Zahavi generalized his theory from sexual selection to all spheres in which animals communicate with one another. He himself studies Arabian Babblers, little brown birds of communal habit, who often 'altruistically' feed each other. Conventional 'selfish gene' theory would seek an explanation in terms of kin selection or reciprocation. Indeed, such explanations are usually right (I haven't changed my mind about that). But Zahavi noticed that the most generous babblers are the socially dominant individuals, and he interpreted this in handicap terms. Translating, as ever, from bird to human language, he put it into the mouth of a donor bird like this: "Look how superior I am to you, I can even afford to give you food." Similarly, some individuals act as 'sentinels', sitting conspicuously in a high tree and not feeding, watching for hawks and warning the rest of the flock who are therefore able to get on with feeding. Again eschewing kin selection and other manifestations of conventional selfish genery, Zahavi's explanation followed his own paradoxical logic: "Look what a great bird I am, I can afford to risk my life sitting high in a tree watching out for hawks, saving your miserable skins for you and allowing you to feed while I don't." What the sentinel pays out in personal cost he gains in social prestige, which translates into reproductive success. Natural selection favours conspicuous and costly generosity.

You can see why I was sceptical. It is all very well to pay a high cost to gain social prestige; maybe the raised prestige does indeed translate into Darwinian fitness; but the cost itself still has to be paid, and that will wipe out the fitness gain. Don't evade the issue by saying that the cost is only partial and will only partially wipe out the fitness gain. After all, won't a rival individual come along and out-compete you in the prestige stakes by paying a greater cost? And won't the cost therefore escalate until the point where it exactly wipes out the alleged fitness gain?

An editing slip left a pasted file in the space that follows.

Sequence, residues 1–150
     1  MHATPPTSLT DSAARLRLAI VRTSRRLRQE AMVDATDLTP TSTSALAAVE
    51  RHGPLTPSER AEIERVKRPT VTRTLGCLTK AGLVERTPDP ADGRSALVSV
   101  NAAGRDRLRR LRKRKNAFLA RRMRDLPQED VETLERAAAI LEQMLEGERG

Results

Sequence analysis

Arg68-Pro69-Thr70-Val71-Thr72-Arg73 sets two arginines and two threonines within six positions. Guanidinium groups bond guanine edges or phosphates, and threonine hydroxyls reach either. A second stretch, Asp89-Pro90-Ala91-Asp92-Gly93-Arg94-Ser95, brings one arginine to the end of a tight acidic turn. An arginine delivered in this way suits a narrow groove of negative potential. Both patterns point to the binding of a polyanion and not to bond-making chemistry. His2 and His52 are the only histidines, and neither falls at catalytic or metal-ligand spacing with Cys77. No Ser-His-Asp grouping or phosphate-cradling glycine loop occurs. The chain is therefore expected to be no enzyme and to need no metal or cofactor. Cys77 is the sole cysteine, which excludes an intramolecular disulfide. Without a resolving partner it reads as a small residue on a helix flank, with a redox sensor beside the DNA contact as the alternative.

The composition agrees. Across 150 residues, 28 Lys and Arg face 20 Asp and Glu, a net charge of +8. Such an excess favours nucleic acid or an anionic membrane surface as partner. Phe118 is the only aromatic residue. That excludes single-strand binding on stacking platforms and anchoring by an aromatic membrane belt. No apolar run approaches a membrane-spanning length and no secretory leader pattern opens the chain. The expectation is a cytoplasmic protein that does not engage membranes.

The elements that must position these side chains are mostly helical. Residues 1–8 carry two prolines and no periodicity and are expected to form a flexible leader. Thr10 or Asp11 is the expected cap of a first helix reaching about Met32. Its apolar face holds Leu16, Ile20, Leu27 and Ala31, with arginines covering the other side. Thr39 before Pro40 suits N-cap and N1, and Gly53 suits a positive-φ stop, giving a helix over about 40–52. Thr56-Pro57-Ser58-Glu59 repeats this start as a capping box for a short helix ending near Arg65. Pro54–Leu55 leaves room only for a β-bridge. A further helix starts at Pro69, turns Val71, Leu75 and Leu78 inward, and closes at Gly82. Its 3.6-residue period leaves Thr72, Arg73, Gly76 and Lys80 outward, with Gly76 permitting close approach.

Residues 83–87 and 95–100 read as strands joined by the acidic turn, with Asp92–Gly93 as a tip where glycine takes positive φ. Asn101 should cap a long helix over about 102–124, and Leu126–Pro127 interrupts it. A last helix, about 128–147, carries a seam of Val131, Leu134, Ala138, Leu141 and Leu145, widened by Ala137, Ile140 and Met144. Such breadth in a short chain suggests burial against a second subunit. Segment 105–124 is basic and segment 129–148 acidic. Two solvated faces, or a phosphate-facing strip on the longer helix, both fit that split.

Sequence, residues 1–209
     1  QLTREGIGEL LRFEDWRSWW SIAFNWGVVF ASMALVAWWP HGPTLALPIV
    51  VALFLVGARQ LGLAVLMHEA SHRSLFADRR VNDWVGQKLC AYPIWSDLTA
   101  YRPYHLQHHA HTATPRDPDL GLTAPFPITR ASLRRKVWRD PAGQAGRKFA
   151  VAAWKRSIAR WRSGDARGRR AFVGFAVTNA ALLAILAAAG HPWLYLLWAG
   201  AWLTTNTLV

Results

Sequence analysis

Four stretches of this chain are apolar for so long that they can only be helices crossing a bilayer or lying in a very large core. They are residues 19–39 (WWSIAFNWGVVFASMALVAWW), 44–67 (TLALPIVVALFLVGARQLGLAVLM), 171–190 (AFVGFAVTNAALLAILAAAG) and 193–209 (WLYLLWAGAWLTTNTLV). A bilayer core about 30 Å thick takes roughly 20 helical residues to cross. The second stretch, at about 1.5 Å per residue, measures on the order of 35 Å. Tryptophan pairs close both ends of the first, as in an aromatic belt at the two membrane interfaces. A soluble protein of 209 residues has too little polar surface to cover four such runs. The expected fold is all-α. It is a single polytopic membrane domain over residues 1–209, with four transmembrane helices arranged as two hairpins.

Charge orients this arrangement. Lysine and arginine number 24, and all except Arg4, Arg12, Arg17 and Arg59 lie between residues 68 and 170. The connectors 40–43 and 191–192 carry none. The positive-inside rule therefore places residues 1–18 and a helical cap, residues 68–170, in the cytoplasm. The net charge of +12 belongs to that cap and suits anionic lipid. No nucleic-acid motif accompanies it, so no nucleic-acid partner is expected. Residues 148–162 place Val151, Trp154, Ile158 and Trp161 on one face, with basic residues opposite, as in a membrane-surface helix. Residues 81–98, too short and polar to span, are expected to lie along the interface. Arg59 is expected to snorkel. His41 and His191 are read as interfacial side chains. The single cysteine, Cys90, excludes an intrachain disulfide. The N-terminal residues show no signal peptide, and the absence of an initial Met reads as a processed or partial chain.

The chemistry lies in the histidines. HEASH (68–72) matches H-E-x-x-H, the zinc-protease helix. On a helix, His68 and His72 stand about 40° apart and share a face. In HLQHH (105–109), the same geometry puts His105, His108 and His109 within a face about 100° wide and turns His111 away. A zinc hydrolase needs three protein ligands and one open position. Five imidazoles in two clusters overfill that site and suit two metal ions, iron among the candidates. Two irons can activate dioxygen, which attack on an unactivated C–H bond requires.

Verbal arguments of this kind can take us only so far. Mathematical models are needed, and various people supplied them, notably John Maynard Smith who concluded that Zahavi's idea, though interesting, just wouldn't work. Or, to be more precise, Maynard Smith couldn't find a mathematical model that led to the conclusion that Zahavi's theory might work. He left open the possibility that somebody else might come along later with a better model. That is exactly what Alan Grafen did, and now we all have to change our minds.

I translated Grafen's mathematical model back into words, in the Second Edition of The Selfish Gene (pp 309-313), and I shall not repeat myself here. In one sentence, Grafen found an evolutionarily stable combination of male advertising strategy and female credulity strategy that turned out to be unmistakeably Zahavian. I was wrong to dismiss Zahavi, and so were a lot of other people.

Nevertheless, a word of caution. Grafen's role in this story is of the utmost importance. Zahavi advanced a wildly paradoxical and implausible idea, which — as Grafen was able to show — eventually turned out to be right. But we must not fall into the trap of thinking that, therefore, the next time somebody comes up with a wildly paradoxical and implausible idea, that one too will turn out to be right. Most implausible ideas are implausible for a good reason. Although I was wrong in my scepticism, and I have now changed my mind, I was still right to have been sceptical in the first place! We need our sceptics, and we need our Grafens to go to the trouble of proving them wrong.